When one looks at the characteristics of attorneys, it becomes obvious that they do not spend a great deal of time finding the “best” expert witness:
1. Attorneys are middle persons who are controlled by the client. They will advocate the expert witness to the client, who ultimately pays for the services.
2. Attorneys are self-interested, in that they are concerned with how an expert appears to the decision maker (and you should be too).
3. They are impatient in that they want information now.
4. They are less knowledgeable of the subject matter of your expertise than you are.
5. They are sometimes lazy. Being lazy is neither a good nor a bad trait. Being lazy can be manifested by getting things done faster and more efficiently.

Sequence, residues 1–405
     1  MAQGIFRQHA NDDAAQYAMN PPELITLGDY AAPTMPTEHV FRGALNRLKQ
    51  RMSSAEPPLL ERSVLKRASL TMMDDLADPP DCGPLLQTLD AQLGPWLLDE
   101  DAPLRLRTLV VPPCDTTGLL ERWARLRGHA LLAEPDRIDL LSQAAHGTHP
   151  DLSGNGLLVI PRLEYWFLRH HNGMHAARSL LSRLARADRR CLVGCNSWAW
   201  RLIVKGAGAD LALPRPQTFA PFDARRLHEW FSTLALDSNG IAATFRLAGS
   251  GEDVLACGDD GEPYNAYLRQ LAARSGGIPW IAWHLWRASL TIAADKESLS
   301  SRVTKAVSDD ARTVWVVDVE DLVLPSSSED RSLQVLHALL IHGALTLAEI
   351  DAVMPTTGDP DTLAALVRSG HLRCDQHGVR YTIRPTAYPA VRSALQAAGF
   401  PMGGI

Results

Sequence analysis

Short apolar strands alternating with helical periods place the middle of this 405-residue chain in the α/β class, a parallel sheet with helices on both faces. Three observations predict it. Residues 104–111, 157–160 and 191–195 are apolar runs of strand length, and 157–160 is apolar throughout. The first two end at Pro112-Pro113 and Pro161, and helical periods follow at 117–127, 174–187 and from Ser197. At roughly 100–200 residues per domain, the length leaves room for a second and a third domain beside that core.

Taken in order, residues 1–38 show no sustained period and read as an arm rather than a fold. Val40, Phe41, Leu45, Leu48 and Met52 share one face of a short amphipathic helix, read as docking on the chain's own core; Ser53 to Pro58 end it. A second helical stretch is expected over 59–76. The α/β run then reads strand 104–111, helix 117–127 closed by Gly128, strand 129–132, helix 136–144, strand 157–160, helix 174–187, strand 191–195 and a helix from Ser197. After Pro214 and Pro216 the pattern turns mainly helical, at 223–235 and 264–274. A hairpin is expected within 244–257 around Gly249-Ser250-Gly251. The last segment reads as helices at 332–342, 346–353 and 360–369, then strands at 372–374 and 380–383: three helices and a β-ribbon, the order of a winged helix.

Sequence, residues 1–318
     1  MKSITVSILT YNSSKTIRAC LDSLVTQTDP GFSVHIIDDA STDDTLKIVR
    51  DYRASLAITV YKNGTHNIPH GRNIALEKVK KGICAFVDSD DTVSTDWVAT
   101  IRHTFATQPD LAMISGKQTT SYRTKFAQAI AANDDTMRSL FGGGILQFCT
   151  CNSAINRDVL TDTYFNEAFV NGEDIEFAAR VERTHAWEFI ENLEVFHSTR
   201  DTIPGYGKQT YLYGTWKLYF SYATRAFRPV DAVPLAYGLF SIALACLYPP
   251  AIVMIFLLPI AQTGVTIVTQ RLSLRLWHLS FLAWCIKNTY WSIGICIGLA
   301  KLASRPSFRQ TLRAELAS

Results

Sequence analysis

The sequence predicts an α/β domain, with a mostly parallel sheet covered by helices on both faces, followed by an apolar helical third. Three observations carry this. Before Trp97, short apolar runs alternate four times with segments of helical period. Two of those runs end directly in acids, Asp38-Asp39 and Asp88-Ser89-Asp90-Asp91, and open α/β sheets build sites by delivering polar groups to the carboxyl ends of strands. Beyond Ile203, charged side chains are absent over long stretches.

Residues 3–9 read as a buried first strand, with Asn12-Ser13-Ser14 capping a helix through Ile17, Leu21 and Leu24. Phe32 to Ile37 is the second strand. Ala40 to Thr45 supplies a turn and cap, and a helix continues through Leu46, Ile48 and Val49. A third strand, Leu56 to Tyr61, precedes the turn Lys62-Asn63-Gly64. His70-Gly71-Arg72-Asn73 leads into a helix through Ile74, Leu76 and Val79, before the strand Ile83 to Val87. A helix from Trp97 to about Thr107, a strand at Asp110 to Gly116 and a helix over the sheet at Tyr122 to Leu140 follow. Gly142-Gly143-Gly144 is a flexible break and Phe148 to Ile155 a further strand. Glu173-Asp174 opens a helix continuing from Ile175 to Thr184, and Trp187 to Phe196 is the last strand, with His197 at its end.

Attorneys make a profession out of finding evidence that supports their view, disregarding or explaining away any contrary evidence, and advocating their decision. Decisions are not long deliberated; they are quickly reached and then justified. Expert retention is no different. Attorneys choose one expert over another because they feel comfortable with that expert witness. That’s it. Thus, conveying quality to an attorney can be as critical to satisfaction as actually delivering quality. The most important question an expert can ask is this: If an attorney knew about my qualifications and abilities, and was looking for a consultant with my expertise, would that attorney hire me? If your answer is yes, then you must make yourself known to attorneys, and not rely on attorneys themselves to somehow find out about you.